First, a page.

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Awhile ago I had a negative experience working in a team and this experience is still bothering me and distracts me from work because it was left unresolved and occupies my mind. I can't tell if my perception that this was bullying is valid or bias so would appreciate input from someone independent.

My problems started with a colleague that I had to work closely with. He would regularly undermine me and pick apart things I was doing with disparaging comments. I don't believe these comments were designed to offend me, but rather a result of him being unsocialised, almost slightly autistic. However, I was being offended so regularly that I started noting a list of comments for the purpose of establishing whether or not there was a pattern before politely confronting him about it. I realised that these comments would only happen, on average, about once every 3-4 days, partly because a lot of the time we'd work in different areas of the office (hotdesking). These comments include things like:

You know you're only supposed to take 40minutes to do that quiz right? (In a mocking tone)

PAH that query is going to run forever you're not restricting the subquery! (normally a welcome criticism, but he was exclaiming at how stupid I was for not realising)

You should have tested X first before Y you're wasting effort (again, normally welcome criticism but said in a tone that was putting me down for being stupid I felt)

All relatively acceptable comments that warrant no more than a private word if it's bothering me. The problem was that the only interactions I had with him involved this negative feedback. Instead of being solution based or collaborative he'd only find things to pick apart or put me down for. Probably just his personality and nothing malicious.

Later, our boss secretly hired his brother through a fake contracting company and this is when I feel I started being treated unfairly. This new colleague was an Oxford graduate and I felt would look down his nose at me. He would regularly belittle me, talk down to me, lecture me on basic concepts like "what debugging is all about" despite my experience level. He would also dismiss my contributions. For example, we wanted to find a way to audit one of our databases and I researched the topic and drafted a design and sent it to him. His response was:

Do you not think that Microsoft, who have probably run into this problem a million times before, have a better solution than that? There're probably features of SSMS that was can use instead. (he sounded annoyed at the suggestion)

This prompted me to spend the evening collecting a list of SSMS auditing features and why they aren't appropriate/applicable to us. I sent him the document and he ignored it initially but when questioned agreed that my original suggestion was best (progress?).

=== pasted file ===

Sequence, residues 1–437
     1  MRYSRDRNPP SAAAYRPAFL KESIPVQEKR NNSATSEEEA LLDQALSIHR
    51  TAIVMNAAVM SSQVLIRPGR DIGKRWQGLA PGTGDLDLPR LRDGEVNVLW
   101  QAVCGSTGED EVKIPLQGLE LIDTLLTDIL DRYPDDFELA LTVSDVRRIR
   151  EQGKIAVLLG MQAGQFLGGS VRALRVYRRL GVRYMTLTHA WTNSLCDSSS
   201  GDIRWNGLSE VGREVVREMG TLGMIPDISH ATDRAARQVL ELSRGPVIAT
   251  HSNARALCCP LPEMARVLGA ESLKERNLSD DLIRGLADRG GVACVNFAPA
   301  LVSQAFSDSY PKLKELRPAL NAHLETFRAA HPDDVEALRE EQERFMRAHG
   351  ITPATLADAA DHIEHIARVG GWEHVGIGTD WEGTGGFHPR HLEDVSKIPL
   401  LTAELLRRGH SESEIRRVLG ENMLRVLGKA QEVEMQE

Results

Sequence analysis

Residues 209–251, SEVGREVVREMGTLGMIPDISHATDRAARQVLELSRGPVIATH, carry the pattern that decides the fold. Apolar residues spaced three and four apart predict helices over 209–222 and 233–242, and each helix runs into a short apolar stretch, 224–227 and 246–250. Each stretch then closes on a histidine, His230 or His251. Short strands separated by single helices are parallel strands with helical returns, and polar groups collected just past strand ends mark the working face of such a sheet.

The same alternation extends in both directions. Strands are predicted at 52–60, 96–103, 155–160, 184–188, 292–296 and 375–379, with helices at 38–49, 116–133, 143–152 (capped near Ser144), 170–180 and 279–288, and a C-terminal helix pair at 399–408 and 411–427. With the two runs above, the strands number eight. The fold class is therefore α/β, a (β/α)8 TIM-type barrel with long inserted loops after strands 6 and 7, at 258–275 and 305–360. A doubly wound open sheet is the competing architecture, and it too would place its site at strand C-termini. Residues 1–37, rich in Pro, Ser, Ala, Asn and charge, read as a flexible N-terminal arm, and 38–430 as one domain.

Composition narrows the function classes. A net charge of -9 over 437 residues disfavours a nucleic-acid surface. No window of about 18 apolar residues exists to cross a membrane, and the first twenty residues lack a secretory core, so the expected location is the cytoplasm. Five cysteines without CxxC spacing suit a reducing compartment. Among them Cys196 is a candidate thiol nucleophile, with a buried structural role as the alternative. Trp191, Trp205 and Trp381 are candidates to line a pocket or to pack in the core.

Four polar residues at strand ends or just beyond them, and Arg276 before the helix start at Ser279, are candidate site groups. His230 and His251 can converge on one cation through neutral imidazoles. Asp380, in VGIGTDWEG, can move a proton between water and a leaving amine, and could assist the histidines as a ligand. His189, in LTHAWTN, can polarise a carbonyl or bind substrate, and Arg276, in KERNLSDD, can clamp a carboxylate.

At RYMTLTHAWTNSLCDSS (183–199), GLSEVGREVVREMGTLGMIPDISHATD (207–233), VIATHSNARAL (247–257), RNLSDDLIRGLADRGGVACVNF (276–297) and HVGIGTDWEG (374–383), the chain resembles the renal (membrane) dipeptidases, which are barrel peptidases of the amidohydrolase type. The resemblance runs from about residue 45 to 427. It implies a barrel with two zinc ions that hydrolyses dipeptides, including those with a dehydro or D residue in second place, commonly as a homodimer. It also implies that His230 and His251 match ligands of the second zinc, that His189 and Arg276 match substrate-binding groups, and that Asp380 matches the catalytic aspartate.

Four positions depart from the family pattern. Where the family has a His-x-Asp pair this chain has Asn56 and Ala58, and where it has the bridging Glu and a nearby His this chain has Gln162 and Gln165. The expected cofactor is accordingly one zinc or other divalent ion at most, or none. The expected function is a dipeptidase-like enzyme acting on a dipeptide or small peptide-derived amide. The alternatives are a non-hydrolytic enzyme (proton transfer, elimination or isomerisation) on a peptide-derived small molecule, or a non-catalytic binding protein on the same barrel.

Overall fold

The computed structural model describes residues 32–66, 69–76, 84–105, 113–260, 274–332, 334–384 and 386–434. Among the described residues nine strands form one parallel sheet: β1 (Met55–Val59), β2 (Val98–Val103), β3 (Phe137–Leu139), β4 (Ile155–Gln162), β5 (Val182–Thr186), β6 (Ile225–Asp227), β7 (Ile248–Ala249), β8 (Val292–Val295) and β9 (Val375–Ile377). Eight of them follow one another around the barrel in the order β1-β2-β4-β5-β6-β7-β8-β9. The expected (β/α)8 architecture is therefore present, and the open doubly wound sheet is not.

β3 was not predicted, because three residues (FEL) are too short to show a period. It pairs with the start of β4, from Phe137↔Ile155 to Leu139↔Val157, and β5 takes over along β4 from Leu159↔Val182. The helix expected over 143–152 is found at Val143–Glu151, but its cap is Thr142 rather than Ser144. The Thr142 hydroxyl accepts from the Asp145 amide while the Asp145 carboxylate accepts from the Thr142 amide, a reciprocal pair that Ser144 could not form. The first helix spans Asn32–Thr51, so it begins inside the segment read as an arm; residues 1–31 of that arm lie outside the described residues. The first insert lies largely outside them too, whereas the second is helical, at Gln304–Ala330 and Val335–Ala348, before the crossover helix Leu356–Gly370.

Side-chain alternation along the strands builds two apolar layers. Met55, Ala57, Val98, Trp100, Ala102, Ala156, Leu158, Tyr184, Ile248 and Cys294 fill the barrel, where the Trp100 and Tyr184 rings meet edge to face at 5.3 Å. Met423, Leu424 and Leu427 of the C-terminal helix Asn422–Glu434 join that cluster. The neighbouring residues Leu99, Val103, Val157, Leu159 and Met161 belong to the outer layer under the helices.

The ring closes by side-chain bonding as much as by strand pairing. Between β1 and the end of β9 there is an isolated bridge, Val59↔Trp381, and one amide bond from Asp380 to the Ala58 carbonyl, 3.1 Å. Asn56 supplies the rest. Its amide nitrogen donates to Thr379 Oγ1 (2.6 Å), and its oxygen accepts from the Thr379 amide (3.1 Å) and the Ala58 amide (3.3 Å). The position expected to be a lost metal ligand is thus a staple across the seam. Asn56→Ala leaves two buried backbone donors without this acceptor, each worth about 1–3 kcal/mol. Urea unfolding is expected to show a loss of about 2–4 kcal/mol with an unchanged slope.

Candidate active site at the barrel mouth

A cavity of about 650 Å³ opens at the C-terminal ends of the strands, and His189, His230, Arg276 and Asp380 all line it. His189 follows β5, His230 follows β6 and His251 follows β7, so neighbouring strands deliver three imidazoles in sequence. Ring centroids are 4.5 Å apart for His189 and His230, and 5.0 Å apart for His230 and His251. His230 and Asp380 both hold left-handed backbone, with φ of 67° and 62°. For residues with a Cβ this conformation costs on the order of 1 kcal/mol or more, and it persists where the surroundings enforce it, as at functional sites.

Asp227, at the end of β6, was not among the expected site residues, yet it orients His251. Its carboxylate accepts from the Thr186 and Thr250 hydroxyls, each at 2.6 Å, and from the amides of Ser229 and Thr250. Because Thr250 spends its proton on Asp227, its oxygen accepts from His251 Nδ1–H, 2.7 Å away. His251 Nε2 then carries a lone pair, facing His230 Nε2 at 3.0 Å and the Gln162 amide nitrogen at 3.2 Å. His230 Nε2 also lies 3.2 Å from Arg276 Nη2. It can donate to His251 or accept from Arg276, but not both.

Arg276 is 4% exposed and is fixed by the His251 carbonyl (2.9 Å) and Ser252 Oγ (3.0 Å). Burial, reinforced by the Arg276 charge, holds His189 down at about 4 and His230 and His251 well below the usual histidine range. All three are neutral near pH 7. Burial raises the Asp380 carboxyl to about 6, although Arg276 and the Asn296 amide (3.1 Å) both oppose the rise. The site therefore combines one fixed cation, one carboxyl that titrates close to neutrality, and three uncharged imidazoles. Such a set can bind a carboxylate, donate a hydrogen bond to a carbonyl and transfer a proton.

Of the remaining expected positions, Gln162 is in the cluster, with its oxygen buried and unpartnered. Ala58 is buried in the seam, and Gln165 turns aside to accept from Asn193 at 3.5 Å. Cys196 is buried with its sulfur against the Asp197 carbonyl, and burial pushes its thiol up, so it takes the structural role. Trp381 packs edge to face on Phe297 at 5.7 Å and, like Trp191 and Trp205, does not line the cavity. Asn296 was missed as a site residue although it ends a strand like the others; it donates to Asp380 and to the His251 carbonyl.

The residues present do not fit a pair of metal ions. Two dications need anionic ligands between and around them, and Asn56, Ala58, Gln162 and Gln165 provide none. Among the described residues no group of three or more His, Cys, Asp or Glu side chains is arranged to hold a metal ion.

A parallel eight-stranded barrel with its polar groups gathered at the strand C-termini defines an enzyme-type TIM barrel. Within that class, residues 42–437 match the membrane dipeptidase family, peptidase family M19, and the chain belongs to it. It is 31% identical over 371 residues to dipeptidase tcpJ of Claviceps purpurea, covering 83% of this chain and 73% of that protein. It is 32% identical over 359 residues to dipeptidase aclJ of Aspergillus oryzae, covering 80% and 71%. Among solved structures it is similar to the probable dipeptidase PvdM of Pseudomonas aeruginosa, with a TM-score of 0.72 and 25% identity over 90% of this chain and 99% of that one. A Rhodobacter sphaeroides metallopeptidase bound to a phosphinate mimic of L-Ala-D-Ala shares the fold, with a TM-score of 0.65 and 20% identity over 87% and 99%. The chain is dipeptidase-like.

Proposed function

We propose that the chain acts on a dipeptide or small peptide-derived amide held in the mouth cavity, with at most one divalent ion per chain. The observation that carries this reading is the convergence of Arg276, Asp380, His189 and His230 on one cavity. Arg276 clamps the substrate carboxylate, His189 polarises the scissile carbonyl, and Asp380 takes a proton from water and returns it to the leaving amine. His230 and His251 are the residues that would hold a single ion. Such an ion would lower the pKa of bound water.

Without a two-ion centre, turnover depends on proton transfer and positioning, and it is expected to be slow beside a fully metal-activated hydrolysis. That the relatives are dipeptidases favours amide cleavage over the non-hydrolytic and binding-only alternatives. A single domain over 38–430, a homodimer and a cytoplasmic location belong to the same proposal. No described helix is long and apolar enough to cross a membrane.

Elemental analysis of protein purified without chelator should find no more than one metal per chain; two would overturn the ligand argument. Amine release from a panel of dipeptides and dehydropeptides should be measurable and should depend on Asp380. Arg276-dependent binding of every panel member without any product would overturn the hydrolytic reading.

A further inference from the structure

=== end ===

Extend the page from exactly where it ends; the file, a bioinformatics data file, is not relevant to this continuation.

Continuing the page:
On another more grievous occasion, he asked how a system does X during a standup. I explained that the system doesn't do X at all, and expects a different system to perform X first. I then explained how X happens and which system is responsible for it. After I finished, he ignored my existence, turned to the person next to me (not addressing me) and said "so today we will need to find out how the system does X" - pretending that I hadn't said anything. I was so stunned by this that I found myself in a fight/flight response, unable to talk with a lump in my throat.

This alienation was also exhibited by the colleague I first mentioned. Whenever I would express a professional opinion different from his, he would ignore me and pretend I wasn't there. At one point he wanted to implement a design for a database and I told him I wasn't sure if it's the best approach because it's not normalised and I thought it would be better to do XYZ because it was normalised and would result in less redundant attributes. I waited for his response but as soon as I expressed my opinion he turned away from me and started looking at his laptop again. After he didn't respond I followed my comment up with:

I mean, you can still do it that was if you like it's you're the developer on this piece of work. It just, you know, might not have my stamp of approval

He didn't acknowledge I said anything. This happened on a few occasions. Another time we couldn't agree on the best approach, I said X he said Y. He refuses to accept any suggestions I make so he took the problem to our architect to get his opinion. He agreed with me and gave directive for my solution to be implemented. After, my colleague wouldn't talk about it and just ignored the task and moved onto something else, I assume because he didn't want to implement my design.

Going back to the Oxford graduate, he would also require me to justify myself to him a lot to an extent that I started feeling targeted. On one occasion a taxi I needed failed to turn up as scheduled (village taxi service run by an alcoholic). This caused me to miss a train and as result I was an hour late to work (normally a 3-4 hour journey). I notified the team in a group chat but when arriving at the office he interrogated me about it (I use the word interrogate deliberately). He started trying to pick holes in my story and questioned every detail. It was literally like a prosecuting barrister, at one point he said